Bonac District 36 Champions

The first in a quarter-century
Atta boy: East Hampton’s 9-10 Little Leaguers were congratulated by their parents after Sunday’s 13-4 win here over Patchogue-Medford. On Monday, in Riverhead, they won the District 36 championship. Jack Graves

East Hampton’s 9-10-year-old traveling all-star team rode its pitching, hitting, and heads-up baserunning to a District 36 championship, the first in a quarter-century, this week.

The littlest Little Leaguers were the last one of Bonac’s postseason entries standing as of Sunday afternoon, the two girls teams and the two 11-12 boys teams having been ousted — the 11-12 Maroons, coached by Chris Anderson, having been shut out 4-0 Sunday by Riverhead in a playoff semifinal, the same team that had pulled the rug out from under them by way of a walk-off home run in last year’s district 9-10 final.

“It was incredible, Longwood [the team East Hampton played in the final] was 6-0 going in,” said one of the young Bonackers’ coaches, Tim Garneau, Tuesday morning. “They’d been beating teams 33-0 . . . I don’t think our kids know what fear is. Yes, you could say they were quietly confident. The coaches [Henry Meyer, Greg Brown, and Garneau] told our kids to keep it loose and to have fun. Their pitcher, a big kid, struck out our first three batters, but then, in the second inning, Carter [Dickinson] unloaded on him, hitting the fence. It was a bomb, almost a home run. Although he didn’t score, that lead-off double of his, I think, set the tone. I don’t have the book, but we nailed a couple of their runners at the plate, made double plays . . . Tyler Hansen pitched great for us. He pitched most of the game, until we had to take him out because he’d reached his 75-pitch limit, the limit for that age. We brought Carter in then. He got the last two outs and the save. The final score was 5-3. . . . They were surprised.”

Thus the young Bonackers, who were treated to an East Hampton Fire Department parade through the village on their return Monday, were to have begun play in the eight-district Section IV tournament at Gaynor Park in Smithtown-St. James Tuesday evening. The top two sectional teams are to vie in the state tournament next week. 

Meyer, Garneau, and Brown managed the pitch counts well in the fifth — and last — game of pool play with Eastport-South Manor on July 5, and in the semifinal versus Patchogue-Medford Sunday, using four pitchers in that one. 

Hansen, the team’s ace, and Leandro Abreu combined for a 10-0 “mercy rule” shutout of Eastport-South Manor at the Pantigo fields on the 5th — Hansen pitching the first four innings.

Abreu started Sunday’s game, giving way to Hansen with the bases loaded and none out in the top of the third, at which time East Hampton led 6-2. Hansen, who can wheel and deal, got out of the jam with just one run scoring, on a force play at third base. 

Dickinson, who had started behind the plate and had moved to first at the beginning of the third, came on in relief of Hansen with one out and one on in the fourth. He gave up a run, bringing Patchogue-Medford to within 6-4, but the young Bonackers effectively put the game away with six more runs in the bottom half.

Liam Cashin, pinch-hitting for Livs Kuplins, was hit by a pitch to lead off East Hampton’s fourth. Cashin moved to second on a wild pitch with Andrew Brown, the leadoff hitter, up. Brown then lashed a double into the outfield that scored Cashin with East Hampton’s seventh run.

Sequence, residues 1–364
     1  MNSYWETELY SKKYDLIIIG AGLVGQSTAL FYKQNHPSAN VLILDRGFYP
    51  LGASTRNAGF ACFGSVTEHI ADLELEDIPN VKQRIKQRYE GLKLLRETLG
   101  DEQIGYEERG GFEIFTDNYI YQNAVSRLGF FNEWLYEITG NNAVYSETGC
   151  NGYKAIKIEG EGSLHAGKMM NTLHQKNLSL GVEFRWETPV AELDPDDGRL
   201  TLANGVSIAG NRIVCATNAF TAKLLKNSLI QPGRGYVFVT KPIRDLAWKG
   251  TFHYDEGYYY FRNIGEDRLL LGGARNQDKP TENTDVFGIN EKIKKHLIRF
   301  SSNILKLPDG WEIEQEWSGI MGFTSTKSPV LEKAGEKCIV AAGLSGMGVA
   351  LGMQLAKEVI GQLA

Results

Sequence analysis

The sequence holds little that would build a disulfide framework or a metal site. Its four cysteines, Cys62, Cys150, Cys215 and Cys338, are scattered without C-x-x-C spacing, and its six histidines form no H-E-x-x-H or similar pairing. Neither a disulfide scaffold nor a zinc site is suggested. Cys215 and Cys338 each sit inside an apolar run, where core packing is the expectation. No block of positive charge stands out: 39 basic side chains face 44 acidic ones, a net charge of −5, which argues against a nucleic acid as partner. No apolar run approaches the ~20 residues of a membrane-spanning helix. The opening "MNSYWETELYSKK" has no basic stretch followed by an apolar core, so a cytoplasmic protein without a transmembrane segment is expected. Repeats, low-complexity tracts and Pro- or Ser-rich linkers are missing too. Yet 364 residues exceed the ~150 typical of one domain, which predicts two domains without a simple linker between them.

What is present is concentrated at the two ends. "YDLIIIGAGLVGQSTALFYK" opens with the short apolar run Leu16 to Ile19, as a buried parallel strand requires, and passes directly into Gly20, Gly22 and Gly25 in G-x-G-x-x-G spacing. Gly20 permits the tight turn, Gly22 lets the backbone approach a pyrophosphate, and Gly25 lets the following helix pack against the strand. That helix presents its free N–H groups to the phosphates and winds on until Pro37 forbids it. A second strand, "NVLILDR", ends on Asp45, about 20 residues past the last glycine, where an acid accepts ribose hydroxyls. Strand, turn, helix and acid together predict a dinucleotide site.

Hudson Meyer popped out to short for the first out, after which the visitors made a pitching change. Hansen went all the way to second — and Brown to third — on a fly ball to left field that was dropped. With Dickinson at the plate, Brown came home on a wild pitch, after which Dickinson doubled in Hansen for 9-4. 

Abreu, the fifth batter in the lineup, reached first base safely on an infield hit, and Victor Diaz, who had struck out his first two times up, came through with a two-run double for 11-4. Diaz advanced to second, and then to third on subsequent wild pitches, and scored when Bruno Sessler, following Justin Prince’s strikeout, singled through the right side for 12-4. 

The bases were loaded when Meyer came up for the second time that inning, but the runners were stranded as he popped out to the pitcher on a 3-1 pitch.

But the damage, as aforesaid, had been done. Dickinson, who had become more effective after lengthening his stride, notched a strikeout after giving up a full-count walk. With Patchogue-Medford’s sixth hitter up, and the count 2-2, Hansen, who was catching at the time, foiled an attempt to steal third, after which Dickinson struck the batter out. Meyer was brought in to relieve Dickinson at that point, and he ended the inning with a strikeout.

East Hampton got one more in the bottom half. Hansen led off with an infield hit, stole second with Dickinson up, and scored on Dickinson’s 6-to-3 groundout.

“With the exception of Abreu, all our pitchers will be available for the final,” Garneau said afterward.

As for the July 5 game, Hansen doubled in a run in the first, Meyer tripled in two in the second, Prince doubled in two in the third, Abreu singled in one in the fourth, and Brown drove in two with an opposite-field double in the fifth. 

Carter Dickinson’s lead-off double in the second inning of Monday’s championship game “set the tone,” according to one of his coaches, Tim Garneau. Craig Macnaughton
Tyler Hansen has been lights out on the mound for East Hampton’s 9-10 traveling all-star team. Jack Graves